Climate-related disasters across the world have focused attention on the need for climate-adaptive and resilient infrastructure.
Civil engineers are used to designing infrastructure for extremes, not averages, but the definition of ‘extreme’ has shifted in recent years.
As the world increasingly faces unparalleled extremes of temperature, wetter winters, drier summers, and higher wind speeds resulting from climate change, is our infrastructure ready?
What has become clear is that we will need to adapt no matter what.
Even with progress towards net zero, climate change is happening and will continue to develop.
In the most optimistic scenario, with all COP26 pledges implemented, the world would be on a path to at least 1.5 degrees Celsius warming by the end of the century.
As a result, our infrastructure will need to be designed and operated in a way that copes better with today’s extremes and is resilient to the more ‘extreme extremes’ of the future.
Most infrastructure that supports national resilience already exists and will do so for many years, though not all of it is built to modern engineering standards.
Climate-related risks require changes to how our legacy infrastructure is monitored and maintained, as well as if and how it is retrofitted.
Otherwise, we risk increased repair bills, poorly performing infrastructure, and even a series of failures – with potentially devastating consequences.
In addition, new infrastructure – including infrastructure enabling the transition to net zero – will need to be constructed as climate adaptive.
The ICE green paper consultation
This ICE green paper focuses on how the climate resilience and adaptation of the UK’s critical economic infrastructure, including water, energy, transport and digital, can be improved.
This is particularly important as the UK government develops its third National Adaptation Strategy for climate change, due in 2023.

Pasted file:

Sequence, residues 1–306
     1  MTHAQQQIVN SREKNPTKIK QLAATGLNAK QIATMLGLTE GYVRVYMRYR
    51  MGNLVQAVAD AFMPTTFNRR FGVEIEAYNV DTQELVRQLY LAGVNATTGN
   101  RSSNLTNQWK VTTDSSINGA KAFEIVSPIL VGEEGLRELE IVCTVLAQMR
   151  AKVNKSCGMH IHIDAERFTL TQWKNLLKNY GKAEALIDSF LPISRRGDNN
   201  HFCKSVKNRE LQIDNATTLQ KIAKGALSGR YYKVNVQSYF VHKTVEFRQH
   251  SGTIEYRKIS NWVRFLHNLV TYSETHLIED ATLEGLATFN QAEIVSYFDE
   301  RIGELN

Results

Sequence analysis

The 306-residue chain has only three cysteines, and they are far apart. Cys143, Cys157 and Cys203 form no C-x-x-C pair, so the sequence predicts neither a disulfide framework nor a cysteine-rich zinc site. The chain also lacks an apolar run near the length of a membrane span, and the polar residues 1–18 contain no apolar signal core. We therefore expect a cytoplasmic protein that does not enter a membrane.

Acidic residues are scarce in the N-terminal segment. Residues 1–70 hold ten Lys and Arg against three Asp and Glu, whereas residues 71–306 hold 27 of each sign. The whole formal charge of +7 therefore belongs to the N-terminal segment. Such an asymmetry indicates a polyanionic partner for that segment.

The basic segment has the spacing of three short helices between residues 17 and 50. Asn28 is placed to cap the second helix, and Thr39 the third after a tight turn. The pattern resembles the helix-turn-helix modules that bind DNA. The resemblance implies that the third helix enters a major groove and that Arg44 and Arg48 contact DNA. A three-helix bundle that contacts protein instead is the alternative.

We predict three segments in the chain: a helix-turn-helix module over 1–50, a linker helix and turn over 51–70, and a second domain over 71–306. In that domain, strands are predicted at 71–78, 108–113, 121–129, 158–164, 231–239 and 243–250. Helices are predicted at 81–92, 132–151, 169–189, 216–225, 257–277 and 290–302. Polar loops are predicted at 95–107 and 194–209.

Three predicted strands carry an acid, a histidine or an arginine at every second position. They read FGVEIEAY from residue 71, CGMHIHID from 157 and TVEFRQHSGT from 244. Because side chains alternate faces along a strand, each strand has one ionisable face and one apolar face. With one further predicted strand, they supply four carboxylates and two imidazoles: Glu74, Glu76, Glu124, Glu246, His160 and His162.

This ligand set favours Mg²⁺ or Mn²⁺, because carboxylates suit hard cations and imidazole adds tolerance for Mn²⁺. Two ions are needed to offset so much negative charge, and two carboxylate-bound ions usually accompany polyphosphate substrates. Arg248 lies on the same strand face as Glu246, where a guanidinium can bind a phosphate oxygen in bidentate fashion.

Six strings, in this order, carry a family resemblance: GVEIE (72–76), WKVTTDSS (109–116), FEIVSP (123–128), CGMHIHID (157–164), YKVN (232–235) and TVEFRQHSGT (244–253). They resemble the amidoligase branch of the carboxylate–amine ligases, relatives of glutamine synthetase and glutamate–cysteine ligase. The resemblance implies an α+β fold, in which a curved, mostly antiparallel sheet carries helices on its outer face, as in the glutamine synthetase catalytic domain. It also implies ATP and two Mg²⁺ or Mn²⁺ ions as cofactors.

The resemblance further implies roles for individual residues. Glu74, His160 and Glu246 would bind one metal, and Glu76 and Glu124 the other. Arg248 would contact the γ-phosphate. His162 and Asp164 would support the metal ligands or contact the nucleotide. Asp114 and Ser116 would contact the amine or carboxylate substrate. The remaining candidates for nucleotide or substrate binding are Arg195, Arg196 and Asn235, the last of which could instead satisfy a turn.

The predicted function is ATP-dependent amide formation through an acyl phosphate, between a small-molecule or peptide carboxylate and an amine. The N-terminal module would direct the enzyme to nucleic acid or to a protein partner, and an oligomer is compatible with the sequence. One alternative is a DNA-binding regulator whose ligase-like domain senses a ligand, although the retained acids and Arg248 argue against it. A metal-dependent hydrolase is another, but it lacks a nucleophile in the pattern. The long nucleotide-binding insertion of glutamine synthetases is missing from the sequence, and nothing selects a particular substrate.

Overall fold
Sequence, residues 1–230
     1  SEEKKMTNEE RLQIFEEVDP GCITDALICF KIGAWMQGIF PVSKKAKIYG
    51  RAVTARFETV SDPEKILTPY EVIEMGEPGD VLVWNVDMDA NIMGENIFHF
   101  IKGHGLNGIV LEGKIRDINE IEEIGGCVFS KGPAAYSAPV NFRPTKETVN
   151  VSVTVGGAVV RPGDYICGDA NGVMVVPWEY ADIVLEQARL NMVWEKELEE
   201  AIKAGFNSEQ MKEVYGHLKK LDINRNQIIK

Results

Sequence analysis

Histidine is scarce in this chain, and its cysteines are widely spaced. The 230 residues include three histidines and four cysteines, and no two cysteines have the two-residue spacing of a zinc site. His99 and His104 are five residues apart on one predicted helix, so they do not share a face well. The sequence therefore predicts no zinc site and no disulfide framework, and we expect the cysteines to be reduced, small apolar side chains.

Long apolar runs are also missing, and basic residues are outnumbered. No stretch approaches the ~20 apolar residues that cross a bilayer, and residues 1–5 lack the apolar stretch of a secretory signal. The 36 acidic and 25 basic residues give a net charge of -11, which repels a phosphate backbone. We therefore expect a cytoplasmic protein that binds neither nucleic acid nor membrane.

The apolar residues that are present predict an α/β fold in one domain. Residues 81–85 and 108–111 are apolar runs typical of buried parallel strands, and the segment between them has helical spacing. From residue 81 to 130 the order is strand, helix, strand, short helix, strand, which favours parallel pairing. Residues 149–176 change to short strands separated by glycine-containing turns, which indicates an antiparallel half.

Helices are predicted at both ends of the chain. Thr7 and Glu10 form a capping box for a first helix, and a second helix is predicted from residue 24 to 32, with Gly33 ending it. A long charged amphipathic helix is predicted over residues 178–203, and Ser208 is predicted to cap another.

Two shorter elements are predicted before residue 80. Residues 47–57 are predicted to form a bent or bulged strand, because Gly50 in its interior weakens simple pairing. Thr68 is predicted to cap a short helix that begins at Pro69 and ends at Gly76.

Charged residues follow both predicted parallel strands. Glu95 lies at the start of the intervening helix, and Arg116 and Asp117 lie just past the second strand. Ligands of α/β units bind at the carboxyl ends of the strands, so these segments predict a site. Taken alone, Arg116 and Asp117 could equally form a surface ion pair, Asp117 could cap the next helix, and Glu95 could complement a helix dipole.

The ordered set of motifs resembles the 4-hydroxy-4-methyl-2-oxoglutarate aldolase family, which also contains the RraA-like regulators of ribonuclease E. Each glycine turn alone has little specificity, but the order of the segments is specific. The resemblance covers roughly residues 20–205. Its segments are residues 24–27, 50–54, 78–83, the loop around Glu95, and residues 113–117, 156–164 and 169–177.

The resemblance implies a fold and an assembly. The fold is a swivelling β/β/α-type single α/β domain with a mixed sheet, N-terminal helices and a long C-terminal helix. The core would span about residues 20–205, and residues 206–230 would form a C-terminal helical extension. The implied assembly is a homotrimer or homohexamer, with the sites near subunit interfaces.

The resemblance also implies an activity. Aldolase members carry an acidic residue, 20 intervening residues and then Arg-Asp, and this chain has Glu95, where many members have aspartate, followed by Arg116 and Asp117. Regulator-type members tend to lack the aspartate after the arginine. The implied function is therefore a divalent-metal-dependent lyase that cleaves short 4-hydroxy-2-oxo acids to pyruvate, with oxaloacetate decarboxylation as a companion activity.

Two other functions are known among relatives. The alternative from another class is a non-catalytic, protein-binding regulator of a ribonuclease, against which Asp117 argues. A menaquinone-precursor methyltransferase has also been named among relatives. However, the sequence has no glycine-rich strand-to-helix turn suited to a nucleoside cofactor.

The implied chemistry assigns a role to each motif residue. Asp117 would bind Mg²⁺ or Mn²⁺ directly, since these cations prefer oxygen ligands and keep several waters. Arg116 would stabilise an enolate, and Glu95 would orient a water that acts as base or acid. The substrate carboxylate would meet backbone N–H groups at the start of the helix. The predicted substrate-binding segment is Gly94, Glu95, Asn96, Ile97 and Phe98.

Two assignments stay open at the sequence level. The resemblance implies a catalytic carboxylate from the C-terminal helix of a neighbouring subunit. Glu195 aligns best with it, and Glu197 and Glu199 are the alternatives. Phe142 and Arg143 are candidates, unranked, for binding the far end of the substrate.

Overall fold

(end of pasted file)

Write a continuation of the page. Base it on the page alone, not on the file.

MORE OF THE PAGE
The paper also balances longer-term perspectives with realism about short- and medium- term policy and funding constraints.
We must ensure that we have the frameworks in place to create infrastructure that will not only reduce our impact on the environment, but also help us to cope with the changes in climate that we know are coming.
This ICE green paper consultation seeks to gather evidence and views from infrastructure professionals, civil engineers, civil society groups and other interested stakeholders across a short number of key questions on priorities for infrastructure climate resilience and adaptation.
The questions include:
Question 1: Do we understand the current condition of critical infrastructure assets, their structural integrity, and the maintenance and retrofit measures needed to improve their climate resilience and adaptation?
Question 2: What evidence is there that new infrastructure is being designed and constructed to be climate adaptive?
Question 3: How can we ensure that infrastructure climate resilience and adaptation are considered by asset owners and policymakers at a systems-wide level?
Question 4: How do we enable accountability within the governance system for climate resilience and adaptation?
Question 5: How do we encourage the development of the following to support resilience and climate-adaptive infrastructure, both new build and legacy? What other aspects in these areas do we need to consider?
- Regulatory system
- The planning system
- Data-driven technologies
- What works in terms of physical adaptations at ground level
Question 6: How can senior leaders in the public and private sectors build up investment in resilience and adaptation measures as well as focusing on new infrastructure?
Question 7: How can increased attention and funding for infrastructure climate resilience and adaptation beyond the water sector be encouraged?
Responses should be sent to the ICE policy team. The consultation will close on 27 January 2023.
The findings from responses to this paper, alongside further evidence gathering, will be formed into an ICE policy paper later in 2023 with a series of options and solutions for policymakers in relation to improving infrastructure climate resilience and adaptation.
ICE Green Paper: how can the UK’s infrastructure be made more climate resilient?
Content type: Policy
Last updated: 29/11/2022